The greatest joy that our profession brings us is to help people hear well. People come to the office hearing poorly. They leave hearing better. They leave happy. And they leave us with a deep sense of accomplishment and satisfaction.
Today I want to add another tool to your toolbox. It a hearing aid feature you use everyday—the multi-program capacity of digital hearing aids. I want to tell you how I use “listening programs” to improve hearing.
FIRST, SOME BASICS
We create the default (basic) program (the amplified sound) in a hearing aid when we enter the patient’s audiometric thresholds into the computer and select “first fit.” Afterwards, we use this program as the reference point from which we generate other listening programs, such as Noise Reduction, Music, and Telephone.
It is important to remember that the hearing aid industry has spent many years testing different formulas in an attempt to find the most successful listening program. Manufacturers quickly learned that attempts to give patients “maximum hearing” were fraught with problems. Said simply, too much amplification is quickly rejected; too little amplification is not.
The basic listening program is focused on making amplification comfortable and acceptable. It does not attempt to provide the best hearing possible.
Now, I want to make this next point very carefully; it is a critical concept. Think about all the “listening programs” you have available on your software. These include universal, noise reduction, music, telephone, etc. But, there is not a choice called “maximum listening.” That’s because the dangers of giving a patient too much amplification far outweigh the negative aspects of giving the patient too little amplification.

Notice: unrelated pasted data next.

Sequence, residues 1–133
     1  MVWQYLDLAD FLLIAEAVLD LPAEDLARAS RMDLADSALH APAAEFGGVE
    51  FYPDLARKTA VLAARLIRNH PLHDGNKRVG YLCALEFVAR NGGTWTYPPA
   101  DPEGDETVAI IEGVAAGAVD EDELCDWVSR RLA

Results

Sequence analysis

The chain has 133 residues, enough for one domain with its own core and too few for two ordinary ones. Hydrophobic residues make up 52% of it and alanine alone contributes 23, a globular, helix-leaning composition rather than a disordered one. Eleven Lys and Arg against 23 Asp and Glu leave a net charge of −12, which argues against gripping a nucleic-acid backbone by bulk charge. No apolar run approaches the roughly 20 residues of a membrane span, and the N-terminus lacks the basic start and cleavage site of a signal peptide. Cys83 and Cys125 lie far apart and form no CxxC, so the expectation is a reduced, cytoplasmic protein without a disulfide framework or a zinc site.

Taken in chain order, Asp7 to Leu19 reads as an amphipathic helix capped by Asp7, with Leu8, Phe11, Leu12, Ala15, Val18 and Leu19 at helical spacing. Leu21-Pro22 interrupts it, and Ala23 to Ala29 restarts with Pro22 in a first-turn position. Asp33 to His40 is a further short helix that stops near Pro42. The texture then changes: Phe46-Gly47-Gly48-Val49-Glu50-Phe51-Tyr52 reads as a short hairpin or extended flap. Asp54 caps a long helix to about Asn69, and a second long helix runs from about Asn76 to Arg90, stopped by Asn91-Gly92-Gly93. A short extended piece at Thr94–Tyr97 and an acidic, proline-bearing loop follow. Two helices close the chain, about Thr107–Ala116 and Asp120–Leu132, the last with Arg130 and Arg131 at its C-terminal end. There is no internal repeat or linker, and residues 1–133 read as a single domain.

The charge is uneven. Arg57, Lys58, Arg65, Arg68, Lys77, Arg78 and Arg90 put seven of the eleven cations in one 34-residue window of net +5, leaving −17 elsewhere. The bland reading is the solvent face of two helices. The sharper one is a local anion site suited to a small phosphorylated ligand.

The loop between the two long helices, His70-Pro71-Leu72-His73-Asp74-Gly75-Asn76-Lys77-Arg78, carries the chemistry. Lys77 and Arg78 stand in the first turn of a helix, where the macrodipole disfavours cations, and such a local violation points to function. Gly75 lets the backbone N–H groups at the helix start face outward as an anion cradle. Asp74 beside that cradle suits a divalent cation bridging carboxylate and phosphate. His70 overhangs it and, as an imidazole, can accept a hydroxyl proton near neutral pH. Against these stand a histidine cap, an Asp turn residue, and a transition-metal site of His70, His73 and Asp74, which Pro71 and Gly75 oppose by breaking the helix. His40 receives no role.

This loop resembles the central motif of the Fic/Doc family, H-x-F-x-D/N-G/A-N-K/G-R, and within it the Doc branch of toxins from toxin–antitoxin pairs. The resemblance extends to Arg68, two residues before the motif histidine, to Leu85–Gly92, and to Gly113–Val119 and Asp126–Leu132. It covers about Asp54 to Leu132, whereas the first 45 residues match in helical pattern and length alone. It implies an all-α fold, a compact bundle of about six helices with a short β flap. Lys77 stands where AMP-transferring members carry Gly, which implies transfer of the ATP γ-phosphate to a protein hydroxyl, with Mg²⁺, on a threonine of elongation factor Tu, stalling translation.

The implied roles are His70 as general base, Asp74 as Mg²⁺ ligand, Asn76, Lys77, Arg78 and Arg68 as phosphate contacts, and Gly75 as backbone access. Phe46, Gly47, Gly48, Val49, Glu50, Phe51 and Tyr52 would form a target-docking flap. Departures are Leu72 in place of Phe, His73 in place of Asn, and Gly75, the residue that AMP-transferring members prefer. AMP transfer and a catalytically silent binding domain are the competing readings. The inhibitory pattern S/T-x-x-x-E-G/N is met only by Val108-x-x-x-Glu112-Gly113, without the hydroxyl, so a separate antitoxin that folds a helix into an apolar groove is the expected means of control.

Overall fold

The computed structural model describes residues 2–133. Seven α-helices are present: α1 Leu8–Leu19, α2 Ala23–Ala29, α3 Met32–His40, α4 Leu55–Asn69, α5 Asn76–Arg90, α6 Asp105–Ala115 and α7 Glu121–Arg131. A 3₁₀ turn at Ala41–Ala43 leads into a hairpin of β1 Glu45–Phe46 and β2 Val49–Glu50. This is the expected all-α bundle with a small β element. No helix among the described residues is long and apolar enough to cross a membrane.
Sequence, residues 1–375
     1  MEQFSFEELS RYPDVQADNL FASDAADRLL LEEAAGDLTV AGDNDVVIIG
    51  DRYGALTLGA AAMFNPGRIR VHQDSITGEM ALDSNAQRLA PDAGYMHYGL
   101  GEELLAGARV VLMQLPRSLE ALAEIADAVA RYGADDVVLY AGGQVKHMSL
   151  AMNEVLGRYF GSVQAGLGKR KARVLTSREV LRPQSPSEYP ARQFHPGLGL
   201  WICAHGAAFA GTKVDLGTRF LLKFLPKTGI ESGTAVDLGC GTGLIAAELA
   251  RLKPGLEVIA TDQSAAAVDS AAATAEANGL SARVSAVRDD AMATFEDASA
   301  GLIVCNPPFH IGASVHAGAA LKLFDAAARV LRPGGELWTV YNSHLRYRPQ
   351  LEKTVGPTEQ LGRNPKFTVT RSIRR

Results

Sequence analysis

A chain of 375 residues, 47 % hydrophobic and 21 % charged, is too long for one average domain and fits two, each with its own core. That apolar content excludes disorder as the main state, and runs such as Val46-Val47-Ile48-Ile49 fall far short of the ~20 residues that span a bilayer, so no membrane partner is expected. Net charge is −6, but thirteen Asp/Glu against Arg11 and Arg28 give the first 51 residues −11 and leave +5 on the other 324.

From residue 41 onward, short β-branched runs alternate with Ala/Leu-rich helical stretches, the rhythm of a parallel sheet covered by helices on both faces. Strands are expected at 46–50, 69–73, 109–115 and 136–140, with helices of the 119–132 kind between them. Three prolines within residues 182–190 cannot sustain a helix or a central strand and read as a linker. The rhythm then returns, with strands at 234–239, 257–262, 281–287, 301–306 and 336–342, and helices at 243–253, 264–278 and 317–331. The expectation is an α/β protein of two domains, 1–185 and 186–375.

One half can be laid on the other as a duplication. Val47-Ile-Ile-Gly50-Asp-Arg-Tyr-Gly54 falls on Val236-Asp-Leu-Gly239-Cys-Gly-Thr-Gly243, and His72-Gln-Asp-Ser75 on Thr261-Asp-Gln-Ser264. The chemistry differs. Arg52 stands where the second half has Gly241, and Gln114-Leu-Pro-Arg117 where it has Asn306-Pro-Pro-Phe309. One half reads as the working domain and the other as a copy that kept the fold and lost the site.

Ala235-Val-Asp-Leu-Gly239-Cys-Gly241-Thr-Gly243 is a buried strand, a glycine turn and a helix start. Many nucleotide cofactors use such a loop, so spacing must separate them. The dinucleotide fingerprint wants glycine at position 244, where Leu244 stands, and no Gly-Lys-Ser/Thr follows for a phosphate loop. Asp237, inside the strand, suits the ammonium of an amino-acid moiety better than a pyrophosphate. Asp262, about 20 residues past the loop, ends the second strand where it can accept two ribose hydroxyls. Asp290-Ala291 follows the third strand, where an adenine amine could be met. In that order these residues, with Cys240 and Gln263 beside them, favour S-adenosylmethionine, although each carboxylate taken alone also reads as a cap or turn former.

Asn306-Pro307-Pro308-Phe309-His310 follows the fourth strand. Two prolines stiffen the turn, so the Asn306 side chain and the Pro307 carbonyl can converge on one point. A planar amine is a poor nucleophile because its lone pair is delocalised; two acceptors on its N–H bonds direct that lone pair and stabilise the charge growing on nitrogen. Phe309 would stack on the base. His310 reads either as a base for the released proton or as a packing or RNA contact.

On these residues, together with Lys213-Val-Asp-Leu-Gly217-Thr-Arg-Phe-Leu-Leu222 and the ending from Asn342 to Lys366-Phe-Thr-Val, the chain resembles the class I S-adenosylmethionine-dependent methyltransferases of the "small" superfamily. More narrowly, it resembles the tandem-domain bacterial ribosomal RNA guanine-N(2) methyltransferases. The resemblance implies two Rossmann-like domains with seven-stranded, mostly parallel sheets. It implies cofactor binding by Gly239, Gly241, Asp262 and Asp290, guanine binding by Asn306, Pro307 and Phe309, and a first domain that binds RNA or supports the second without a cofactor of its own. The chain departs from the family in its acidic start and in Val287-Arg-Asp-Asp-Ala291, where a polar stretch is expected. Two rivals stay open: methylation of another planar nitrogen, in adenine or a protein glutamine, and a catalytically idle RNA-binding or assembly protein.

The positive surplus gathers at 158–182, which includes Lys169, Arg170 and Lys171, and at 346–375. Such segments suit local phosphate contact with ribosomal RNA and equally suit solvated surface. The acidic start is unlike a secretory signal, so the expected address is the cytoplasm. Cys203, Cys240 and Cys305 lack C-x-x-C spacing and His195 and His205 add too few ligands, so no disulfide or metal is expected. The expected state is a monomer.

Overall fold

It would be nice if our fitting software offered 40 or 50 choices of listening programs, rather than 8 to 12. It would also be nice to have a program called “Superhuman hearing.” There are times when hard-of-hearing people need to hear extremely well, e.g., a teacher in a large classroom, a lawyer in a courtroom. When you have a patient with a special need, I recommend you develop an “experimental listening program” and have the patient try it.
In my next blog post, I will discuss the specifics of creating a maximum hearing listening-program. Most universal (default) hearing programs provide limited amplification in the lower frequencies. When appropriate, I add 10-20 dB of gain in this frequency region.
Please, do not misunderstand me. I am not suggesting you stop using the basic or universal program as the patient’s default program. This program is needed most of the time. It avoids problems such as too much noise and the upward spread of masking.
But if your patient is, for example, a teacher who works in a large classroom, this person needs very good hearing from a distance of 30 to 40 feet. In this case I would anticipate that the teacher would stay in P-1 (the Universal program) when talking to the class, then switch to P-4 (maximum hearing) during the question and answer period in the class.
I will develop the concept of maximum hearing in the next several articles.